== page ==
This past week we presented at our district annual technology conference. I had the opportunity to present with Taryn Lehman, a Caruso ELA teacher as well as Amy Rubin our Director of Assessment. Even though the basis of the conference was focused on technology, we discussed the importance of how technology supports pedagogy. During our presentation, we focused on the top 5 things every admin and teacher needs to know about Understanding by Design (UbD).
In case you are wondering, “what in the world is UbD?”, check out this short video clip by Jay McTighe (co-founder of UbD along with Grant Wiggins).
The following are the top 5 elements of UbD*:
1. UbD unit is like a navigation system. When planning your unit, think of this process like planning a vacation; there are many ways that you can reach your destination. Although you could arrive at your vacation by driving, flying, walking etc., you need to have a goal and a plan in mind (i.e.where are you going and how are you going to get there).
2. In a UbD unit, the evidence collected should reflect a photo album. There is more than one way to show evidence of learning. Every unit should have a collection of photos that have a variety of ways that students can demonstrate their learning (i.e. learning logs, reflection, performance based assessments, prompts that specify performance tasks such as format, audience, topic and purpose (Brown).
3. A UbD unit is a framework that provides personalized learning experience for all students. Teachers should think of a variety of ways that students can show evidence of what they can do as well as what they know.
4. Teachers need the time to plan a viable UbD unit. Administrators can help provide time for teachers to discuss and plan a UbD unit. In my experience leading our monthly PLC team meetings, I modeled and explained UbD (click TEMPLATEUbDformat for an example). Give teachers opportunity to discuss and own the unit planning process and encourage them to plan with the end in mind!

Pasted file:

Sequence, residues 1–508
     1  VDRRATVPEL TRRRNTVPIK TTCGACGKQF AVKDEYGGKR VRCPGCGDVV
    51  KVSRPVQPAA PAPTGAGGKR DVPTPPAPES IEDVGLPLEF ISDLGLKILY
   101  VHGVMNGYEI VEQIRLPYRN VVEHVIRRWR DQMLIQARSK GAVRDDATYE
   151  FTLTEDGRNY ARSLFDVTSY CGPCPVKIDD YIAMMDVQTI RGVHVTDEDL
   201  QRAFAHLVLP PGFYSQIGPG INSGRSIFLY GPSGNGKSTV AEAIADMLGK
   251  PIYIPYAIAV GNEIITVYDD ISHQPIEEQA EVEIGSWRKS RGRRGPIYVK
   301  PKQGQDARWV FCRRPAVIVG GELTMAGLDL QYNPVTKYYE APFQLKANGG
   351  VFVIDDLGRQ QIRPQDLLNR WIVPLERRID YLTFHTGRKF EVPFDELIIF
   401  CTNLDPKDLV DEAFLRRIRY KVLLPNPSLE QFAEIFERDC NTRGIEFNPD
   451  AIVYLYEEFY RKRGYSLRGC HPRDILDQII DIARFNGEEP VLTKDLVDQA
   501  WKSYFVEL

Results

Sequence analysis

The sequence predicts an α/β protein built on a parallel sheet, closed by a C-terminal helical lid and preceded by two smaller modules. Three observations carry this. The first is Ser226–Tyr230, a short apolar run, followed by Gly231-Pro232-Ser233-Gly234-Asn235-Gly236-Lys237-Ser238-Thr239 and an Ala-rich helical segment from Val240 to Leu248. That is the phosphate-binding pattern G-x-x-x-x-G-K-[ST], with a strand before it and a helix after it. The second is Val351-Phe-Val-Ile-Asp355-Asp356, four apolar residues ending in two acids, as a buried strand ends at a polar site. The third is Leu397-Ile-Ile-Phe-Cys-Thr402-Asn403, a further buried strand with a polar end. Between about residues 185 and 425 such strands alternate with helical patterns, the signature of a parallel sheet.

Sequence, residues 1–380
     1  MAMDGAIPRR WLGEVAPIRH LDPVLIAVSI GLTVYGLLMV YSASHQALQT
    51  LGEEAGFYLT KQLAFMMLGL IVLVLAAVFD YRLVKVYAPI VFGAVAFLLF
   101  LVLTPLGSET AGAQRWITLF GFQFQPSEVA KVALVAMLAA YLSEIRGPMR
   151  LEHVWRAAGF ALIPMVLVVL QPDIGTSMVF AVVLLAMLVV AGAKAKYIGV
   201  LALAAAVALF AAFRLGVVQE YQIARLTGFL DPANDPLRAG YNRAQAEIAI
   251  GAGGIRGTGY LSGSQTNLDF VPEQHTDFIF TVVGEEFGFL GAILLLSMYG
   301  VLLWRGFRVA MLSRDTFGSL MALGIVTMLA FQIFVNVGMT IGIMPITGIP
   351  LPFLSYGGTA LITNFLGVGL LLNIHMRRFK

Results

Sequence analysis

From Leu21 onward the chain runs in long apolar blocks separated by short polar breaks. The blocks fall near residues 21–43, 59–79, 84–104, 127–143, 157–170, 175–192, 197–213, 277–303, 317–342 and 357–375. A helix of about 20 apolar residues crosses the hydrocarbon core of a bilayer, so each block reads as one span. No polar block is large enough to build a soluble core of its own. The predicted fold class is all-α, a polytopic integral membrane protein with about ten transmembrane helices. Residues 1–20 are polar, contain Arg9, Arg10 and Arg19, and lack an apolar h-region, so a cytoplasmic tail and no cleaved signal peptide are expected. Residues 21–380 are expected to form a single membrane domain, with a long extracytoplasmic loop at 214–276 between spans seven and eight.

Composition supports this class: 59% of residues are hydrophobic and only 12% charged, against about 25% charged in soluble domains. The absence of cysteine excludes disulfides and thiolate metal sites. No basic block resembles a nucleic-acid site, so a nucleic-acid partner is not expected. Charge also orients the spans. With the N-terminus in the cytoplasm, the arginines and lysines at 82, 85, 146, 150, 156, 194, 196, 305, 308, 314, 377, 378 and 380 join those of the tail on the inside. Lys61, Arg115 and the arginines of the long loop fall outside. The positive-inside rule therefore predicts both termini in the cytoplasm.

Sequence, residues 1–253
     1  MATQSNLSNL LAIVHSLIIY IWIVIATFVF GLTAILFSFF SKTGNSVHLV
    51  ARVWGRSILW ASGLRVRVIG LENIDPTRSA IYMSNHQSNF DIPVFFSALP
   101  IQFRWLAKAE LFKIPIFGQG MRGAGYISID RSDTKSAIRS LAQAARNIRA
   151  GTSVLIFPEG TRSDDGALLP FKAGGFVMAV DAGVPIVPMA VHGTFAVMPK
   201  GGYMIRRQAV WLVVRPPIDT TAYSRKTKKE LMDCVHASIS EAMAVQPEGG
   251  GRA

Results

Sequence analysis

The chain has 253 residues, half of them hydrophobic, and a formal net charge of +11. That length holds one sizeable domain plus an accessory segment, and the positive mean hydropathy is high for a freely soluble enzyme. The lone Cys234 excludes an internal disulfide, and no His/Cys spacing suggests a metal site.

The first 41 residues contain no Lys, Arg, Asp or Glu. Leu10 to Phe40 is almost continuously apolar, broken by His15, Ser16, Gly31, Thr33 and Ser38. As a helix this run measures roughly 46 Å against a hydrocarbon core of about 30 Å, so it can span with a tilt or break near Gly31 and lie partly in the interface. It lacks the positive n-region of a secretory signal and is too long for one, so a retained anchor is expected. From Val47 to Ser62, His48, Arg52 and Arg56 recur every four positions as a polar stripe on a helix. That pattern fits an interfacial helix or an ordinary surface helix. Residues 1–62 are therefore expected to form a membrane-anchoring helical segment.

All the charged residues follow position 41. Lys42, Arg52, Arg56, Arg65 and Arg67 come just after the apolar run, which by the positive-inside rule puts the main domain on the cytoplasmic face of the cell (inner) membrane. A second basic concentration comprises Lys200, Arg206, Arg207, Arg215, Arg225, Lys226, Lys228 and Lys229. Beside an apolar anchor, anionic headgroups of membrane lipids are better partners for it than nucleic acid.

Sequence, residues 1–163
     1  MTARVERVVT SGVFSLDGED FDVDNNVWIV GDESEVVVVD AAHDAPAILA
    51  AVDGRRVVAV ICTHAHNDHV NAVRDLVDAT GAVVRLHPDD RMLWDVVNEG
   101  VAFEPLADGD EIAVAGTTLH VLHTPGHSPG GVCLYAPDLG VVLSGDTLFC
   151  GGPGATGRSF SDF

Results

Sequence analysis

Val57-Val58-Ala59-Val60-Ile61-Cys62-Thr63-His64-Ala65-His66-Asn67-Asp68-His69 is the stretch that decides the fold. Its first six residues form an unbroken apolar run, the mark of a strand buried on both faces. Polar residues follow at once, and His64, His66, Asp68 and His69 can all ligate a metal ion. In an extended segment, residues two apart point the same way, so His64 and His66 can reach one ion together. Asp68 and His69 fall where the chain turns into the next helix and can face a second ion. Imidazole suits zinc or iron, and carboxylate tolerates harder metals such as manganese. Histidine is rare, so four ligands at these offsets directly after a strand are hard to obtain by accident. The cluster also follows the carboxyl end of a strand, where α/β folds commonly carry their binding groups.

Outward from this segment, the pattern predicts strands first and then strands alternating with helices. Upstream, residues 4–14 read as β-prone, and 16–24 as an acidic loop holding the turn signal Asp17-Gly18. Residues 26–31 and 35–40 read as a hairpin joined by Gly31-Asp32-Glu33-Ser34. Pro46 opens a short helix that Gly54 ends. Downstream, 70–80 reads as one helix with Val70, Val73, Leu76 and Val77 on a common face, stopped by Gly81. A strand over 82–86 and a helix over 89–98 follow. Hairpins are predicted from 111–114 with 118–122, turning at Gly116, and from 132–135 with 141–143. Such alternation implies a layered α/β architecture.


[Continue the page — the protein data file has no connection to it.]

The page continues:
5. When planning a UbD unit think of the acronym WHERETO. As John Brown outlines in his book, Making the most of Understanding by Design, when planning a UbD unit keep in mind:
W:where students are headed and why they are going there
H:how will students reach their destination
E:what evidence will you collect that shows evidence of what students know and can be able to do
R:constantly revise, revisit and rethink your UbD unit
E:how can students express their understanding in meaningful evaluation
T: create opportunities for tailored instruction that matches students learning needs
O: organize the unit so that students know what they are expected to understand and know and do (learning targets objectives) and how will you know they know it (evidence)
There are a variety of ways that one can accomplish a creative and engaging UbD unit. When we presented this at the tech conference we shared a presentation of additional resources that we found (click here to see more!). In addition, a quick search of “understanding by design” on Pinterest provides a plentiful amount of templates and resources.
As Jay McTigue says, “Think big, plan small, and go for the win!”. If you are planning a UbD unit for the first time and/or have additional questions, feel free to reach out!
*Many of these points that we shared during our presentation are from John Brown’s book, Making the most of Understanding by Design. To read and learn more, check out his book!